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January 29, 2013Redshirt junior center Jordan Morgan suffered a scary-looking injury in Sunday's 74-60 win at Illinois, when his ankle rolled under him while trying to get a rebound.
Morgan received treatment during the game, and returned to the bench in the second half, though he did not see game action after the injury. With a quick turnaround before Wednesday night's contest vs. Northwestern, Michigan coach John Beilein is not optimistic that Morgan will return before tipoff.
"I don't expect [Morgan to play], based on seeing the ankle today," Beilein said. "There is a lot of discoloration. We will wait and see. He probably will not play tomorrow. We will wait and see. I haven't seen him give it a try yet."
Fortunately for the Wolverines, there is a deep corps of big men who can help alleviate the absence of Morgan from the lineup. Freshman Mitch McGary, redshirt junior Jon Horford and redshirt freshman Max Bielfeldt all rotated into the Illinois game, giving solid minutes and production.
The three of them combined for 17 points and 14 rebounds against the Illini.
"That was a luxury we had in that game," Beilein said, of the rotation. "We were going to play Max anyhow, because he had been playing well in practice, playing with two big guys sometimes, because Illinois traditionally plays with two bigs. We liked what we got out of Jon Horford especially in that game. He has been working hard, just looking for minutes. Each time in his career, when he was just about there - in Hawaii last year, preseason this year - he had an injury. I am really pleased for him."
If Morgan can't go, Beilein believes either Horford or McGary will start, though he hasn't made a decision just yet.
"We will have a little competition today in practice and see what we can figure out," Beilein said. "It's probably either Mitch or Jon. Because of the experience Jon has over three years - albeit he has been injured a lot - and Mitch's experience this year. But Max will get in there."
Although Morgan hasn't lit up the box score this season, his presence on the floor - especially on the defensive end - has been invaluable for the Wolverines.
"Jordan Morgan has really learned to be a defensive specialist in some regard," Beilein said. "And he does a wonderful job for us. That is the last line of defense - the safety in football. If everything else breaks down and he plays it poorly, you give up layups.
"When he has his mind focused and he's really on his defense, he is incredibly good at hedging ball screens, because of his athleticism. The issue with all big men is you have to do that correctly, because you'll either get in foul trouble or they'll get easy baskets. You have to have a lot of energy and play through your fatigue, and you have to understand how the ref is going to call it. He does a wonderful job. You see far less foul trouble that you used to."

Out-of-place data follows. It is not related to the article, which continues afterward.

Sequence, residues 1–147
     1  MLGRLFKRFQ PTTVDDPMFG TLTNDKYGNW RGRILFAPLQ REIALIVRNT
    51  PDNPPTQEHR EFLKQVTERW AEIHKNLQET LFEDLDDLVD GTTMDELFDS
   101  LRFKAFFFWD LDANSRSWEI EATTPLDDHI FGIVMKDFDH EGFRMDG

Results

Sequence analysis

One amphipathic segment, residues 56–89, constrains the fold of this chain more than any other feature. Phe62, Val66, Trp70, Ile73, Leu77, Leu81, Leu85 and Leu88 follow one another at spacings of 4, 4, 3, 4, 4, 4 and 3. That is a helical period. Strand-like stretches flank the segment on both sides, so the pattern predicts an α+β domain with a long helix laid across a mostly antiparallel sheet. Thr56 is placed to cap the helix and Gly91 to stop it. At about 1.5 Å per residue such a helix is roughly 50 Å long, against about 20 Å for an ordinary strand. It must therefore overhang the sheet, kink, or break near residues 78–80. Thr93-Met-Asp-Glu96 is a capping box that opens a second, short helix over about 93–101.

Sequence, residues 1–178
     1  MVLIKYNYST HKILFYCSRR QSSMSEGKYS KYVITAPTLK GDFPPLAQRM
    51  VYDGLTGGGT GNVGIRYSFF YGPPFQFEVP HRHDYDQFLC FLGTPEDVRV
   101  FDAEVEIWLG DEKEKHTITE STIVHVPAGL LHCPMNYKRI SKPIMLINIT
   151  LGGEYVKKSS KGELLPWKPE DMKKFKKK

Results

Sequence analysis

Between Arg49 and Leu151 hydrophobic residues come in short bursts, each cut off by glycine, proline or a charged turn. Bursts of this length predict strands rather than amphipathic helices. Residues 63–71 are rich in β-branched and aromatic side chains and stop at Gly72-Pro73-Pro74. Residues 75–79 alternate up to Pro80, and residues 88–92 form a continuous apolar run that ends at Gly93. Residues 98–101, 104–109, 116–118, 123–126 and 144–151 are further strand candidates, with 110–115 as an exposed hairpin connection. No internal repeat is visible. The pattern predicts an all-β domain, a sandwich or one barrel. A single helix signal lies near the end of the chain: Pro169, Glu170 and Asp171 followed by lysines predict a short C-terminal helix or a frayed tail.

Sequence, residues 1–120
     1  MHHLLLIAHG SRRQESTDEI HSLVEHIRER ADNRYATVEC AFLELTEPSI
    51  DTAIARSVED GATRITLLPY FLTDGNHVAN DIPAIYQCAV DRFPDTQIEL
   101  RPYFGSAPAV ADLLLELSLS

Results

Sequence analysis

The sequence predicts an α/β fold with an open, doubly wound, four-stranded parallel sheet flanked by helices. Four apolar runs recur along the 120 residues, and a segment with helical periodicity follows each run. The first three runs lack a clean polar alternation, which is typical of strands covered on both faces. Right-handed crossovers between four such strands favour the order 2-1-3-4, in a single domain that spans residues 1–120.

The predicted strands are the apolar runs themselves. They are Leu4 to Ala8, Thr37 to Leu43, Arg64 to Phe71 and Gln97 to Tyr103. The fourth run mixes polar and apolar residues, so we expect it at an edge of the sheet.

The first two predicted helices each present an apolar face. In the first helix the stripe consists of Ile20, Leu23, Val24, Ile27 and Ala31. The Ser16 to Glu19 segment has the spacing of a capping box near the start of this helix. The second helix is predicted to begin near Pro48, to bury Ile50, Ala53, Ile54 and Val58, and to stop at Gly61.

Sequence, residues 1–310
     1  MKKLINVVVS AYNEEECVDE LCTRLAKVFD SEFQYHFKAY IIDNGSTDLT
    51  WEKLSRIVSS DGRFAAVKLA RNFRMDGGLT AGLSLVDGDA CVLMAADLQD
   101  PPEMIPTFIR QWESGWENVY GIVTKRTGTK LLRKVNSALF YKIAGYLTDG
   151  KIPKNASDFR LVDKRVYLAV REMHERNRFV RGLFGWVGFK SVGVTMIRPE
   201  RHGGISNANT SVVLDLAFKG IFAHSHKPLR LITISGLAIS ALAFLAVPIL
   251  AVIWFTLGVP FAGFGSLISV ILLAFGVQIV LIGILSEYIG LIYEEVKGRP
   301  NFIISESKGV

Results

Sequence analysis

Morgan's clean defense will be missed. Against the Illini, McGary racked up four personal fouls, Horford had three and Bielfeldt had one.
That's something the young big men will have to learn and adjust to, especially as their minutes increase with Morgan off the floor.
"It's hard because everyone runs unique action," Beilein said. "People run plays to get fouls - don't ever mistake that. There are many teams in this league and throughout college basketball, you'll see a guy run through the lane, hook your arm, put his hands up in the air and yell. And they initiate every part of the action. There are people that do that, and our guys have to learn that that is something they can't bite on. There are different ways people try to get fouled.
"Each official is going to be a little different. I think we have great consistency with the officials in the league right now. Are they setting the tone early? I once knew a coach who would always start his second-string big man in the second half, because he believed they were always going to call a physical foul at the start of the second half, every time. And why have his best big man get that call?"
How do you shut out the noise and hype and just play?
"It's on them. It's on Twitter, everywhere," Beilein said. "You have to put in in perspective and say, 'How did we get here? Did we get here because we were No. 1 or because we worked hard every day?' If that has worked so far, let's keep doing it every day.
"I think we're at a point where we have improved daily, with great chemistry. We're 6-1 in the Big Ten with 11 more, six home and five away. That's right where we are. If we are going to compete for a Big Ten Championship, we are going to have to compete on the road and win at home. Last year, we won it with an 8-1 home record, and 9-0, we would have been sole champions. Our kids don't want that to slip away."
Beilein admitted that it is sometimes difficult to quantify the mantra of "getting better every day."
"It's like when you see your own child every day and they look the same," Beilein said. "Try going away for three weeks and then come see the youngster. He has changed. It's tough to measure, but we do see those "A-Ha" moments with our guys. Jon missed a layup, but he kept the ball up. Some of our guys have a tendency to bring the ball down, and if you do that in this league, it is snatched from you. And Jon kept it up. Those are moments every day.
"Mitch will look at me and say, 'I kept it up, didn't I?' Those moments are when you see, maybe they're not doing it yet, but they understand it. Little by little. Nik [Stauskas] was not cutting as hard as he needed to. After he got open a couple times, I said, 'How are you getting open?' and he said, 'Coach, I'm cutting harder.' Those are the things you do see. From a coaching standpoint, there is always something else."